Competitive Captain

Janeway is Star Trek's most social captain, to be sure. She is a hard worker when the situation calls for it, but on the several occasions in VGR when Neelix has broken out the party favors, Janeway was always an avid advocate for and participant in the crew's festivities. Her excitement in "Drive" is particularly infectious, especially regarding her expectation that Paris and Torres will win the race for the sake of Starfleet's honor. When they lose, however, Janeway's first reaction isn't to immediately congratulate the winning delegation, according to proper Starfleet protocols and good ol' sportsmanship. Instead, she tosses off a perturbed "Damn!" to Neelix, which is a refreshingly human reaction coming from her.

From the Press Box

After being inexplicably MIA from the Transporter Room in "Imperfection," when most of the Borg children were beamed away, Neelix is right back where he belongs in "Drive," announcing the various race updates (because it's "all in the delivery"). His more important contribution, however, is in lending a friendly ear to Torres as she gripes about her relationship with Paris.

Spectacles in Space

"Drive" boasts some of the most breathtaking visual effects designed for television. This is money well-spent and efforts expertly executed. The teaser alone is chock full of images of the new Delta Flyer closing on a distant comet while surrounded by a dense asteroid field. At first, Irina's ship pulls alongside, seen outside the Delta Flyer's starboard porthole; later, an exterior visual shows the Delta Flyer speeding past Irina's ship, whose nacelle bursts and begins venting drive plasma. One of the most appealing visuals, however, is of the Delta Flyer's new impulse thrusters emerging from the aft hull, similar to how its warp pylons are extractable. Finally, the nicest touch of all is the closing visual with "Just Married" painted on the stern and the trailing cans.

The race theme in "Drive" necessarily calls for the appearance of many other starships, one of which is slightly recognizable. Ambassador O'Zaal's ship, in an exterior-visual-flyby with Voyager, looks like one of the Bajoran vessels that blockaded the moon Derna in DS9's "Shadows and Symbols." Surprisingly, though, the exterior of O'Zaal's ship is featureless, betraying no portholes or other lighting.

At the start of the race, when the ships speed out of the lineup, the visual is slightly reminiscent of the pod race in Star Wars: Episode I — The Phantom Menace, which is itself a marvel in moviemaking. A nice addition to the "Drive" race is the exterior visual of Voyager's Mess Hall with all the people cheering inside.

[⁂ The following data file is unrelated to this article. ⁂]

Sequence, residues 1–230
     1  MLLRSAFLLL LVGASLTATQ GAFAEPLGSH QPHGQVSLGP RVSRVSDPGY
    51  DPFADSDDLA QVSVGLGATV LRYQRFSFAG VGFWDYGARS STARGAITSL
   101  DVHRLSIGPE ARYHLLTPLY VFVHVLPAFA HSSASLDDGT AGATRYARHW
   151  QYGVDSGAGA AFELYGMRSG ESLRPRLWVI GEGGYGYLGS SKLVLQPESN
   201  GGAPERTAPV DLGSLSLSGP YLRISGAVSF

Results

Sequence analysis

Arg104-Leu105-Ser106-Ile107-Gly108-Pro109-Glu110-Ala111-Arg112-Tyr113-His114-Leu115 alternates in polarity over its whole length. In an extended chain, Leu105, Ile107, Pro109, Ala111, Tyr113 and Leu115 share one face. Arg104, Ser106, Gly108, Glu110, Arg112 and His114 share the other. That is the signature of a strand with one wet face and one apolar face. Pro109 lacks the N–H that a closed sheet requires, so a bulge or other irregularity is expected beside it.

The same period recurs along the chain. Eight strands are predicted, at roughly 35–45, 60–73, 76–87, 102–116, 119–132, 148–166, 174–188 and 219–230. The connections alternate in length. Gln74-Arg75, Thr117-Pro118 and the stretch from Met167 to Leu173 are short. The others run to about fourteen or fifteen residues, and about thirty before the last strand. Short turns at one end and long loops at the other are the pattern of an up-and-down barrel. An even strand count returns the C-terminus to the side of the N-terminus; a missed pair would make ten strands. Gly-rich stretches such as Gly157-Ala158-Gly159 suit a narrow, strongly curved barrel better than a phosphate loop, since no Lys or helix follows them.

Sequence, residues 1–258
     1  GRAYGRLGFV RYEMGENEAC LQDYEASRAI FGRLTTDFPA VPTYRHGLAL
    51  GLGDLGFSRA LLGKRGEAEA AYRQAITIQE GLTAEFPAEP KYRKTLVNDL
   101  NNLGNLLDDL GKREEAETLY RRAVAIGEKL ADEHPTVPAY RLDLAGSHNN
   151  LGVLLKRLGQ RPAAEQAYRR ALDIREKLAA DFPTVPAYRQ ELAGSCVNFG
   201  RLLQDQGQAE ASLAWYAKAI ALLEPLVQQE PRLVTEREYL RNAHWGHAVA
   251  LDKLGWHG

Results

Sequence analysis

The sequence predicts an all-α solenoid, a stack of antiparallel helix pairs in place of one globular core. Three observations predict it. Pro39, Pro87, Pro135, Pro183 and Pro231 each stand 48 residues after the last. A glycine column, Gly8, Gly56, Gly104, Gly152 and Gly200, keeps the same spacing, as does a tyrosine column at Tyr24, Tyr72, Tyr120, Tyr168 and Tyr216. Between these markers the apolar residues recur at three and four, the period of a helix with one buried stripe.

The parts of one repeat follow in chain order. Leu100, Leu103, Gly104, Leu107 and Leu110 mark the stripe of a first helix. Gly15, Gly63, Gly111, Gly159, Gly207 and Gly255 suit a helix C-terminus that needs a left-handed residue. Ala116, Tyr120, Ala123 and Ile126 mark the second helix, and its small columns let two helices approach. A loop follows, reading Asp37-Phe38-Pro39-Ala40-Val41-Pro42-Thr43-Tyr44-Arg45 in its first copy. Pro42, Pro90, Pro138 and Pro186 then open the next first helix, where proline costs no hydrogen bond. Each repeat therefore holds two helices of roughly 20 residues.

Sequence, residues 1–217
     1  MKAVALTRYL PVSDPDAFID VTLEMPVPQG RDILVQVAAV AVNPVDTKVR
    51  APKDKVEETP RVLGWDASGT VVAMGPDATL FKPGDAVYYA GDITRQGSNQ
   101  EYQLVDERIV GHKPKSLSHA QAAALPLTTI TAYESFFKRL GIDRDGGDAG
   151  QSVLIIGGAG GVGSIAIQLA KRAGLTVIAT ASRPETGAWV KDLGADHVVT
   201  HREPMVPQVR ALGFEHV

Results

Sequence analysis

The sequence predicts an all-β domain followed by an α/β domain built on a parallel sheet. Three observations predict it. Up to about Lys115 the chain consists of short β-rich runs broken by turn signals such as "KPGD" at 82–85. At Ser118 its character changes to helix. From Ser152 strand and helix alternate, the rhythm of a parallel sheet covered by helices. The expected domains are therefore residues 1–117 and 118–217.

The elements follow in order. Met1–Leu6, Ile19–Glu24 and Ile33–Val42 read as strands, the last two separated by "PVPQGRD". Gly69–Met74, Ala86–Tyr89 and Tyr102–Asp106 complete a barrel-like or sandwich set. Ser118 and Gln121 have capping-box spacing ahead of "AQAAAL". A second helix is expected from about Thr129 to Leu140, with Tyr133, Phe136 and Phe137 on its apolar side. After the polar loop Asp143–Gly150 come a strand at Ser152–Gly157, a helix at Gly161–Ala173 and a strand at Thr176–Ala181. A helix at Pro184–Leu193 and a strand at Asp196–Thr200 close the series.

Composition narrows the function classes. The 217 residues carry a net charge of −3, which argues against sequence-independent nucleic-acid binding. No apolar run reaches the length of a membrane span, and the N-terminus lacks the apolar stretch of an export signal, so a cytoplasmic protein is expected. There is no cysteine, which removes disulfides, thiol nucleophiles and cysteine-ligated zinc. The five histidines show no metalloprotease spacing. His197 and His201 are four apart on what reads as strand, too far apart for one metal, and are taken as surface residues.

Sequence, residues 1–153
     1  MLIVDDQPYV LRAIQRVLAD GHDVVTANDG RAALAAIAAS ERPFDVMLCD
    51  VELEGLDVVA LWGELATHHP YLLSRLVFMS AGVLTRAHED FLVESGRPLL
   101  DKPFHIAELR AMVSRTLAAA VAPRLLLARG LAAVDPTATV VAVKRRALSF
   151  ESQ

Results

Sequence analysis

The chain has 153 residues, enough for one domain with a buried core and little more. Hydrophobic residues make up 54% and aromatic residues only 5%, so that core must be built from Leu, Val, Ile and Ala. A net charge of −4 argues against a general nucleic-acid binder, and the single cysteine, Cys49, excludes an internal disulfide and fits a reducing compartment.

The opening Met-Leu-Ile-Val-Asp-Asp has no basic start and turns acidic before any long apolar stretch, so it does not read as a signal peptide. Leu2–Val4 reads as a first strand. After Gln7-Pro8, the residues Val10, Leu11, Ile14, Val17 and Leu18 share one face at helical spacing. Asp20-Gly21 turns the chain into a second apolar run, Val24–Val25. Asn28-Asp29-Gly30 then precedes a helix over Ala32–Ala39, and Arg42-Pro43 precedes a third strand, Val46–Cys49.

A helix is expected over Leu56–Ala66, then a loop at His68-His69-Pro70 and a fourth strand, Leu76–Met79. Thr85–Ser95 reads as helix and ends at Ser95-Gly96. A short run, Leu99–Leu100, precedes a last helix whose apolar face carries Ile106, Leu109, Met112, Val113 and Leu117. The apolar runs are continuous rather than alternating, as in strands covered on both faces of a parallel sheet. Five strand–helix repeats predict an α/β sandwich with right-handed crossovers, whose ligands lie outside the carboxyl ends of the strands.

Details, Details

On seeing the first "Drive" previews, fans who follow Pocket Books' Star Trek novels probably made an easy connection back to a similar theme penned by author Diane Carey in her 1993 effort, "The Great Starship Race."

Actor Roxann Dawson, who appears to be suffering from a touch of laryngitis in "Drive," should be accustomed to having a large role in the third episode of a season. For the past three years, the No. 3 show has belonged to Torres (S4's "Day of Honor," S5's "Extreme Risk" and S6's "Barge of the Dead").

Paris and Torres' planned vacation spot on the holodeck sounds like "Getty Prime," which sci-fi genre fans will recognize as similar to a planet in author Frank Herbert's "Dune" novels, "Giedi Prime," home of House Harkonnen.

Costume designer Robert Blackman contributes another flashy addition to the line of "Starfleetwear" with the new flight suits worn by Paris, Torres and Kim.

The start of the race afforded Paris the perfect opportunity to use his old catchphrase, "Here we go," but evidently the writers forgot about it.

A word mix-up leads to a continuity error when Paris explains how his use of mnemonic phrases helped get him through the Academy, to which Torres incredulously responds, "But you were expelled." Her inference is untrue. Paris was not dismissed from the Academy. He did graduate, but he was expelled from Starfleet service after lying about an away mission in which several of his comrades were killed.

The Doctor adds golf to his list of hobbies. At one point, he putts the ball into the Sickbay doors, which open and permit the ball to roll into the corridor. In TNG, Data once said something about starship doors only responding to sentient beings, which was why he couldn't understand how his cat Spot had escaped from his quarters. Evidently, aboard an Intrepid-class starship that boasts a holographic doctor, this rule no longer applies.

Gone are the days, apparently, when Voyager was concerned about wasting photon torpedoes — one of which was used to start the race. The crew must now churn out their own (like shuttlecraft and Delta Flyers).

Behind the Scenes

Cyia Batten ("Irina") should be familiar to DS9 fans as the first actor to play "Tora Ziyal" in "Indiscretion" and "Return to Grace." Star Trek's other notable "Irina" character was Chekov's ex-girlfriend from TOS's "The Way to Eden," played by Mary-Linda Rapelye.

Brian George ("O'Zaal") appeared as "Richard Bashir" in DS9's "Doctor Bashir, I Presume."

Finally, Patrick Kilpatrick ("Assan") appeared as "Jal Razik" in "Initiations" and "Reese" in DS9's "The Siege of AR-558."

Copyright Edward James Hines
25 October 2000

Find more episode info in the Episode Guide.


Edward James Hines writes weekly reviews of Voyager episodes.